Benefits of Hydrotherapy
What are the benefits of hydrotherapy for your dogs?
Hydrotherapy, in conjunction with veterinary treatment, can significantly improve the quality and increase the rate of healing following surgery or traumatic injury. The careful use of hydrotherapy can help with post-surgery rehabilitation and increase the chance of a successful return to full health and fitness.
Safe exercise without stress, strengthen and maintain muscle groups
Hydrotherapy is an excellent form of exercise because most of the muscles used in the daily movement are involved - as it is non-weight bearing, it is without the stress caused by motion on the hard ground.
Hydrotherapy allows the "working out" and strengthening the muscles while avoiding this potentially damaging impact on hard ground. Due to the increased resistance of movement created by the water, the muscles have to work harder than they would do on land.
Increased circulation of blood to the muscles and stimulate tissue healing
The warm water in hydrotherapy increases the blood flow to the muscles, increasing the supply of oxygen and nutrients, leading to muscle relaxation and a reduction in pain and stiffness. Improved circulation reduces swelling around an injured area and enhances healing.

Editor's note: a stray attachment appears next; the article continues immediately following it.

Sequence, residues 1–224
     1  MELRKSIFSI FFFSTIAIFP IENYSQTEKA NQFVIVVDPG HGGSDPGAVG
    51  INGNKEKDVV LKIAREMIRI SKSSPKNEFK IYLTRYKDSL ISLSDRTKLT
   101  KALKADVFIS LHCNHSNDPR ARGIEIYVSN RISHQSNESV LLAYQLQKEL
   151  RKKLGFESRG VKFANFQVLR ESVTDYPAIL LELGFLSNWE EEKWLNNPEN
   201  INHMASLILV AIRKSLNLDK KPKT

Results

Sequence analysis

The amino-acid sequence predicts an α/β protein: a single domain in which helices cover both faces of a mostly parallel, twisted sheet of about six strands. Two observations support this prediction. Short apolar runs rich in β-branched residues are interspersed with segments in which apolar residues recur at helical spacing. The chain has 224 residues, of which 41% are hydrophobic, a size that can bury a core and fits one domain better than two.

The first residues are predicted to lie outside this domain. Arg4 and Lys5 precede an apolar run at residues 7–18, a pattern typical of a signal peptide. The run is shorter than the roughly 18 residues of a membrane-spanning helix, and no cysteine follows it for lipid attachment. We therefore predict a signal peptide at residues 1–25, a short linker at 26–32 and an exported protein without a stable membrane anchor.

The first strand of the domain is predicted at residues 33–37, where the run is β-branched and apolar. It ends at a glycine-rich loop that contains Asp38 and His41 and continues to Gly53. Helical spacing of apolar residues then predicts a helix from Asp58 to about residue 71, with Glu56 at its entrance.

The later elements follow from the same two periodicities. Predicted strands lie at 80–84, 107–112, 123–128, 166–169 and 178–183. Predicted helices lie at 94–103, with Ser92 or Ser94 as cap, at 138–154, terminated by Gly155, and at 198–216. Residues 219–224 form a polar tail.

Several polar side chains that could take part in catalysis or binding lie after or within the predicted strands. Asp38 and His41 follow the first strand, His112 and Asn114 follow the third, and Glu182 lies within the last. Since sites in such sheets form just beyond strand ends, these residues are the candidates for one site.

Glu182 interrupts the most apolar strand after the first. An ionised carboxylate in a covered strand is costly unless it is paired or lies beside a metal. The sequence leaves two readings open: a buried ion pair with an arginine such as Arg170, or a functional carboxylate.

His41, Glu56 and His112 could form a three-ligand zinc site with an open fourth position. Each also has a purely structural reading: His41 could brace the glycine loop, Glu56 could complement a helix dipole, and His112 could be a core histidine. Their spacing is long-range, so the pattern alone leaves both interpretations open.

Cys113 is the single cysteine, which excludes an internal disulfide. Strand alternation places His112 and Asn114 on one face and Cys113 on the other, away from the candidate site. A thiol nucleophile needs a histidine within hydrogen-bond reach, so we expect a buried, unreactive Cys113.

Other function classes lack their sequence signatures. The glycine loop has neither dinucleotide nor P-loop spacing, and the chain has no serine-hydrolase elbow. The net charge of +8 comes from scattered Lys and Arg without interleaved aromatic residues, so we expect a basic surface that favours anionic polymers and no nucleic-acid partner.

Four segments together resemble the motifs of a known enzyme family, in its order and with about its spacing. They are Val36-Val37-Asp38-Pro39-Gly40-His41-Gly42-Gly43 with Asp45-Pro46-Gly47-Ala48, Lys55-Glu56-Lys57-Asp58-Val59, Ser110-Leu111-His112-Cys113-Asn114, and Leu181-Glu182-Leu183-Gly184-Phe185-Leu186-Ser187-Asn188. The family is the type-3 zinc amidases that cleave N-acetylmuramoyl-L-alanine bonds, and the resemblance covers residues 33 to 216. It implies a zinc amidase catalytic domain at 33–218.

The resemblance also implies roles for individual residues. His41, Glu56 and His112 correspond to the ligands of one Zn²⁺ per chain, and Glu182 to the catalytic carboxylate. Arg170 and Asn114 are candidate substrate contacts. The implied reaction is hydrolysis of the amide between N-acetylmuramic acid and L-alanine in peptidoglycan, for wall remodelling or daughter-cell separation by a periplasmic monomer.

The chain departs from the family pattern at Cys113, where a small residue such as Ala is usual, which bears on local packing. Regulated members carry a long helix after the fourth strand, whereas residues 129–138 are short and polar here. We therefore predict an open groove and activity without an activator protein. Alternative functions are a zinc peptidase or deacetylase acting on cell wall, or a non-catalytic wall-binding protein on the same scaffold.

Relief of pain, swelling & stiffness
The buoyancy effect of water reduces the load on weight-bearing joints, which helps to reduce pain and allows greater movement and exercise. The hydrostatic pressure applied to the body in water can assist in reducing swelling, and as the pressure increases with depth, this encourages fluid swelling (oedema) in the limbs to move away from affected areas, immersed lower in the water back towards the body.
Increased range of movement
A decreased range of motion can often be due to pain, swelling, or stiffness. Buoyancy can help to gently encourage stiff joints into an improved range of movement with minimal additional pain;
Muscle strengthening and muscle toning
Hydrotherapy tones most of the major muscle groups and improves the general overall fitness of the dog. Movement in the water is more difficult owing to the water resistance. Water-based exercise uses 30% more oxygen than similar land-based exercise. By encouraging pain-free limb movement against the resistance of water, muscle bulk will increase, and thus muscle wastage (atrophy) can be reversed.
In water, the heart needs to work harder in order to meet the increased demand for nutrients by all the muscles which are being worked. For most dogs, a short hydrotherapy session is an extremely challenging workout. Whilst immersed in water the chest is subjected to the effects of hydrostatic pressure; this means that every breath requires more effort. In particular, muscles used for breathing in have to work much harder, and as muscles strengthen with exercise, this improves the whole respiratory system.